Monday, January 27, 2014

Jury Screened First Day of Nagin Corruption Trial

by Maniko Barthelemy

Internet Photo of Clarence Ray Nagin, Former New Orleans Mayor
Former New Orleans Mayor Clarence Ray Nagin, who calls Dallas home, is a different man. His confident stride and charismatic body language is gone. Nagin walks with what appears to be a painful limp and he’s back in the city where he was once the boss, only this time Nagin’s a defendant. Nearly 60 potential jurors in the federal government’s corruption trial against Nagin were screened Monday. U.S. District Judge Ginger Berriga asked the men and women, identified only by jury numbers, about their perception of politicians, professional careers and relationship if any to Nagin.

During the lunch rush at Lucy’s restaurant, a few blocks away from the federal courthouse in downtown New Orleans, the Nagin trial was a hot topic. Some said the former mayor’s legal woes continue to hurt New Orleans’ reputation, as the city continues to struggle rebuilding, since Hurricane Katrina. “I remember there was a lot of hope in the city when he was elected,” said Fred Fournet. “A lot of people thought he was really going to be the kind of change we needed to give us a clean slate and it’s unfortunate and if he’s guilty, he should go to jail.”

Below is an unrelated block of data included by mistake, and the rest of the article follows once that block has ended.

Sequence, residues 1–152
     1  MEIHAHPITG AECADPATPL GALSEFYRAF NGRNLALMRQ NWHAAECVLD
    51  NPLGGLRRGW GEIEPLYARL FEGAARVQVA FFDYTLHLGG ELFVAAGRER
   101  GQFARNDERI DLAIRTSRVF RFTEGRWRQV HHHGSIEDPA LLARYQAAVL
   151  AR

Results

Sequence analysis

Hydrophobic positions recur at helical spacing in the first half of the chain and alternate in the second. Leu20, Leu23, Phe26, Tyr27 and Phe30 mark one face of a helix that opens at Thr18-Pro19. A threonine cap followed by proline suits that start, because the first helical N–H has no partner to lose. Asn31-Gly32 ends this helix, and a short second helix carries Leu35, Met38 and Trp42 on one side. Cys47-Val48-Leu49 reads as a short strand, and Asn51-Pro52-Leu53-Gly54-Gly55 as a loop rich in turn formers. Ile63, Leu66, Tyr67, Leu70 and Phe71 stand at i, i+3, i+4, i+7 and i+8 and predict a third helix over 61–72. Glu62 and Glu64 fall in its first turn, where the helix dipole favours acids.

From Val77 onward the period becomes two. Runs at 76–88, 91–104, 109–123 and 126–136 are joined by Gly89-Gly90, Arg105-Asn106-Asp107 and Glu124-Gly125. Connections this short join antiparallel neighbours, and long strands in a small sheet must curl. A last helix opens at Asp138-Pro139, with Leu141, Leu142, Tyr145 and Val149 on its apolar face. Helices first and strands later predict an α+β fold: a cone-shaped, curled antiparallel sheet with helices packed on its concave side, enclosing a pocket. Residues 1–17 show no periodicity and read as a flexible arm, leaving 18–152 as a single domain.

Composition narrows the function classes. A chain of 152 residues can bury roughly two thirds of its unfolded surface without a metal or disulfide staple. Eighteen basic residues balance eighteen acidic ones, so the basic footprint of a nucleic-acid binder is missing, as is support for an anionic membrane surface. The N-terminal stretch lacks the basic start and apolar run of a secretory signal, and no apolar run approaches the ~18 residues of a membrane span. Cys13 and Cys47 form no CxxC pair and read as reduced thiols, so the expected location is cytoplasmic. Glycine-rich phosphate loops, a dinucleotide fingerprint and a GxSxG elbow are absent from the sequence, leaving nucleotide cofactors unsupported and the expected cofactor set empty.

The 57-year-old who went from cable network management to New Orleans mayor in 2002, is on trial for allegedly orchestrating pay to play politics system, from 2002-2010. The stakes are high. The government’s 21-count indictment accuses Nagin of pocketing more than $300,000 in bribes, a combination of cash, gifts and products from business owners, in exchange for lucrative contracts in the city.
Photo Courtesy of Jeff Ray for Southern Belle Productions
Nagin and his attorney Robert Jenkins were tightlipped but the case is in-depth. A City Hall corruption investigation lead to the charges and some of  Nagin’s associates and aides on the government’s witness list of 45 people have either been convicted or plead guilty as part of a plea deal.

The final jury selection from the pool of 60 will consist of 12 members plus four alternates. Experts predict a jury will be seated Wednesday.  The courthouse is closed Tuesday due to an arctic blast bringing freezing rain to throughout Louisiana. The trial could last up to three weeks.

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